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The former Yugoslav Republic of Macedonia – Education and culture

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The former Yugoslav Republic of Macedonia – Education and culture

Candidate countries conduct negotiations with the European Union (EU) in order to prepare themselves for accession. The accession negotiations cover the adoption and implementation of European legislation (acquis) and, more specifically, the priorities identified jointly by the Commission and the candidate countries in the analytical assessment (or ‘screening’) of the EU’s political and legislative acquis. Each year, the Commission reviews the progress made by candidates and evaluates the efforts required before their accession. This monitoring is the subject of annual reports presented to the Council and the European Parliament.


Commission Report [COM(2011) 666 final – SEC(2011) 1203 – Not published in the Official Journal].


The former Yugoslav Republic of Macedonia was granted candidate country status for European Union (EU) membership in 2005. The Accession Partnership, adopted by the Council in 2008, supports the country’s preparations in view of its future membership and the alignment of its legislation with the Community acquis. In 2008, the accession negotiations had not yet been opened, as some progress still needed to be made on the objectives and conditions set out in the partnership.

The 2011 Report focuses on the progress made on the strategic framework ‘Education and Training 2020’. Furthermore, it highlights the need to improve interaction between the ethnic communities in education.

EUROPEAN UNION ACQUIS (according to the Commission’s words)

The fields of education, training, youth and culture are primarily the competence of the Member States. A framework for cooperation on policies relating to education and training has been adopted with a view to converging national policies and achieving joint objectives through an open method of coordination. It came out of the work programme ‘Education and Training 2010’, which brings together all the actions in the field of education and training at European level. Furthermore, Member States must take into account the principles stated in the Treaty and ensure that their international commitments contribute towards preserving and promoting cultural diversity. It requires Member States to equip themselves with a legal, administrative and financial framework and the implementation capacities necessary for ensuring sound financial management of European Union programmes related to education, training and youth.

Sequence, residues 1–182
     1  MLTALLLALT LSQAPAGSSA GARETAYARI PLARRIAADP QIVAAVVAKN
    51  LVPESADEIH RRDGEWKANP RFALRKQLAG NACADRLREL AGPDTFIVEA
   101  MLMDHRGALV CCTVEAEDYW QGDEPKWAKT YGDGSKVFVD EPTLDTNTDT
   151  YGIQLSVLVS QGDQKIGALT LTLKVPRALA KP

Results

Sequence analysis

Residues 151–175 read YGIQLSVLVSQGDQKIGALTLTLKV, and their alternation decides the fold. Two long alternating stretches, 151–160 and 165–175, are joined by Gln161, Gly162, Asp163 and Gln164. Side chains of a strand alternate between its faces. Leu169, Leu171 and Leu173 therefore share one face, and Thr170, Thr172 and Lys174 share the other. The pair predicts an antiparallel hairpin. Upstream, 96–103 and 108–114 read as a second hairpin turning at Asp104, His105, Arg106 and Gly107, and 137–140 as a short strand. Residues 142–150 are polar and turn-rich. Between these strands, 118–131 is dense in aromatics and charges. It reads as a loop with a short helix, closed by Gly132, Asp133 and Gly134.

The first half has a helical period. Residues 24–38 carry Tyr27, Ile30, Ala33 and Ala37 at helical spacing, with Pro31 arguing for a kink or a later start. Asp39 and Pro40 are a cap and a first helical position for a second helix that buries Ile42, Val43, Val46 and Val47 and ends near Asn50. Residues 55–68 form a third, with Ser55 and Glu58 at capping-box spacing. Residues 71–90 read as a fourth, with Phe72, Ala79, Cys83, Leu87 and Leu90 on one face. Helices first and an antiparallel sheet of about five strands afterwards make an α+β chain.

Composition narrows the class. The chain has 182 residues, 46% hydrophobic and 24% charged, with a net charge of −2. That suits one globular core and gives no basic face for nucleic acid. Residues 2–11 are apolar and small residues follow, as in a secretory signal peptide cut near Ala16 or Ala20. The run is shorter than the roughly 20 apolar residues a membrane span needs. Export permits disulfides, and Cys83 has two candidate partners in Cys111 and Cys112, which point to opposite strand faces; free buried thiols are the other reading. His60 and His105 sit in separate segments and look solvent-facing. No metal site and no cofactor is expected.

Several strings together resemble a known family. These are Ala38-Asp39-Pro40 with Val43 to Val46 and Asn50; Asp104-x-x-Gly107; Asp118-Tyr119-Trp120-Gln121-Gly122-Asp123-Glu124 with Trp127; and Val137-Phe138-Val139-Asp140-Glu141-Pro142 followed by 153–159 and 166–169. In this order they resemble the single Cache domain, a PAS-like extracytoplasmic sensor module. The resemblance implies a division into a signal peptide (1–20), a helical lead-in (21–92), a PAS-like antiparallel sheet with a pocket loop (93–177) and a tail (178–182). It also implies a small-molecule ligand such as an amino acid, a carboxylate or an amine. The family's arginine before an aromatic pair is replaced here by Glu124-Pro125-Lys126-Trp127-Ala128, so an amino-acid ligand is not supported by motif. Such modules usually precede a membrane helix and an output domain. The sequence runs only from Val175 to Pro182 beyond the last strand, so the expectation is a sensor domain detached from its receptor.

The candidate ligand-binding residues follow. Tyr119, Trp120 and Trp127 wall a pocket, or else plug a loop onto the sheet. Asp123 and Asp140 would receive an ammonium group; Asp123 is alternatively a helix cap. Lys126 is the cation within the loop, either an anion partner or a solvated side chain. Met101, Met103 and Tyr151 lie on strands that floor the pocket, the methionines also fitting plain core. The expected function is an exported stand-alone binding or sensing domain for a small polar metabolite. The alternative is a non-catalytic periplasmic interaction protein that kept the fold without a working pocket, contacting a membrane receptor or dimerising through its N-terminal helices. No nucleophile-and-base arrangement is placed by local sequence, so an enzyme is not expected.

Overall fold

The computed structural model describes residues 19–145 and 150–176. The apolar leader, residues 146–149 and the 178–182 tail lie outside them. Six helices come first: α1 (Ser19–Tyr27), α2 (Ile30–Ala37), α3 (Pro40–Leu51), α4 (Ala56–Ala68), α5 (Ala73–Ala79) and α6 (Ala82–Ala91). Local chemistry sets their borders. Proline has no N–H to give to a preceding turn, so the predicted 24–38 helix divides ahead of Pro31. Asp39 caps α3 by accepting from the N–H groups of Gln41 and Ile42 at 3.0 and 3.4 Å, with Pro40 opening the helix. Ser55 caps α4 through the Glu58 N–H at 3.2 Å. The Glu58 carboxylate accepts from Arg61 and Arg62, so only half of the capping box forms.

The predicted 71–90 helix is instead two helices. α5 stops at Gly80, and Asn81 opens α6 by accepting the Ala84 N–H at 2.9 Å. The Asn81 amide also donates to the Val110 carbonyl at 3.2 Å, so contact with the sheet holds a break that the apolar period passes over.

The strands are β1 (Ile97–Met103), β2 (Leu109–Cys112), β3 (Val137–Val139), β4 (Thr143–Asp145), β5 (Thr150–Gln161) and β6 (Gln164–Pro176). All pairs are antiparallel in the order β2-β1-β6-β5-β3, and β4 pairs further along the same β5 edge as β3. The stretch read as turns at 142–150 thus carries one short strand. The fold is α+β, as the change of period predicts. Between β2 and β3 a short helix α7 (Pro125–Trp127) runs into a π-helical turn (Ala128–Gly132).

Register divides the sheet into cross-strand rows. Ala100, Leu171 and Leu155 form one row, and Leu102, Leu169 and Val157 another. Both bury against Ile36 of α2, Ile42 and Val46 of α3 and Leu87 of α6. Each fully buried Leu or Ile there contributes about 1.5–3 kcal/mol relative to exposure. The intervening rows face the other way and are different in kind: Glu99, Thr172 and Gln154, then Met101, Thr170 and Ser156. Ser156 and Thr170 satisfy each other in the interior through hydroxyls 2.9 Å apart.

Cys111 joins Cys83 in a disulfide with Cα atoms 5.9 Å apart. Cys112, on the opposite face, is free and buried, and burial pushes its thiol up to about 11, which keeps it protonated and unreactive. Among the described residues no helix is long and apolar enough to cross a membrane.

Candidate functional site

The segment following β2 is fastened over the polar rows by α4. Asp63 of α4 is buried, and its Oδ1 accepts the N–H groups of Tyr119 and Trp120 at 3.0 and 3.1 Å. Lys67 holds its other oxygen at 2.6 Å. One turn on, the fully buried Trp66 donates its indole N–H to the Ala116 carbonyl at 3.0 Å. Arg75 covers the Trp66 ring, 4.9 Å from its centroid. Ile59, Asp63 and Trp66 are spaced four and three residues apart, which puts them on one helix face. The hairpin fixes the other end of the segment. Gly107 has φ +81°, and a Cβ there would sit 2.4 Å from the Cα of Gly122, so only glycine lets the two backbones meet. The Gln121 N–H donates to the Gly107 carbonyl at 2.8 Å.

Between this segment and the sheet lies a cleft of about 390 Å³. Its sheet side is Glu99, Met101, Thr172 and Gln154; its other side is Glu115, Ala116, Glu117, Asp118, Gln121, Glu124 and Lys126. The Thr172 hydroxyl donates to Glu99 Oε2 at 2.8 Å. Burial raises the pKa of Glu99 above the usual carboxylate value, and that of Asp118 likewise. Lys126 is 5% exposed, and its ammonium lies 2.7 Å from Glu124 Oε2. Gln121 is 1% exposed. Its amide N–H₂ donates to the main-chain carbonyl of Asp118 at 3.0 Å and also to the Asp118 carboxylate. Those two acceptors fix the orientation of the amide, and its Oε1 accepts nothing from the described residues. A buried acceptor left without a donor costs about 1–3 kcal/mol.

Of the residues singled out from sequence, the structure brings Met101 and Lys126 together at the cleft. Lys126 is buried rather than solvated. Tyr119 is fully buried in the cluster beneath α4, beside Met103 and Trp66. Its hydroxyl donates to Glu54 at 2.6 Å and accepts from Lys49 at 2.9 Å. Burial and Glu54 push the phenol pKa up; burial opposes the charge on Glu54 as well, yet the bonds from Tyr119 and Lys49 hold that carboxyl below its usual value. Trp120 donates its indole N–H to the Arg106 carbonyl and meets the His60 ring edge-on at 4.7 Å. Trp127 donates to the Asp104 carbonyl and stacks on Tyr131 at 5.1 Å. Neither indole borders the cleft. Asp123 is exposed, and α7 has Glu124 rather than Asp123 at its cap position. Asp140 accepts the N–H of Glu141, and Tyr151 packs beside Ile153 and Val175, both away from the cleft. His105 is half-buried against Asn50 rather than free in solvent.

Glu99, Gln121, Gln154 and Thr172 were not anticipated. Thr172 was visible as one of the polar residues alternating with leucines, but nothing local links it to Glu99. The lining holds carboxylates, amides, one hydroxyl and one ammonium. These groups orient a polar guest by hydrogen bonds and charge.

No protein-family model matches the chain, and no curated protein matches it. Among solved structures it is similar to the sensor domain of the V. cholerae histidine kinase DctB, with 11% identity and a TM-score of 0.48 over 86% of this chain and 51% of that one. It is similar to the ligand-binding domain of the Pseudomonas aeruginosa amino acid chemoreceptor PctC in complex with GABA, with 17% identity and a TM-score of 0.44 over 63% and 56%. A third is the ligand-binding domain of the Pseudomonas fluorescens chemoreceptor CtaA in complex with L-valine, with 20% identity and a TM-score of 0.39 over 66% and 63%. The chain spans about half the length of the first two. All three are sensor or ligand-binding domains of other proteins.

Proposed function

EVALUATION (according to the Commission’s words)

Some progress can be reported concerning European standards in the areas of education, training, youth and culture. The country improved its performance in relation to the Education and Training 2020 common benchmarks. The Lifelong Learning and Youth in Action programmes remained suspended. Increasing interaction between the ethnic communities in education remains a challenge.


Commission Report [COM(2010) 660 final – SEC(2010) 1327 – Not published in the Official Journal].

In its 2010 Report, the Commission notes limited progress in the field of education. While the reforms have been made, preparations to implement the EU programmes are not completed. The country has partially fulfilled its objectives in the field of culture.

Commission Report [COM(2009) 533 final – SEC(2009) 1334 – Not published in the Official Journal].

The October 2009 report notes that some progress has been made on education, training and youth, especially in terms of preparing for the country’s participation in Community programmes. Nevertheless, further efforts are still needed to implement the national reform strategy, to attain the EU common benchmarks in education and training, to prepare for the management of Community programmes and to establish an efficient system for controlling the functioning of the National Agency.

Commission Report [COM(2008) 674 final – SEC(2008) 2699 – Not published in the Official Journal].

The November 2008 report indicated that good progress had been made in the field of education, training and youth. However, the country’s capacity to implement adopted legislation was not sufficient. While preparations for the management of Community programmes on lifelong learning and youth were advanced, further efforts still needed to be made.

See also

Last updated: 20.12.2011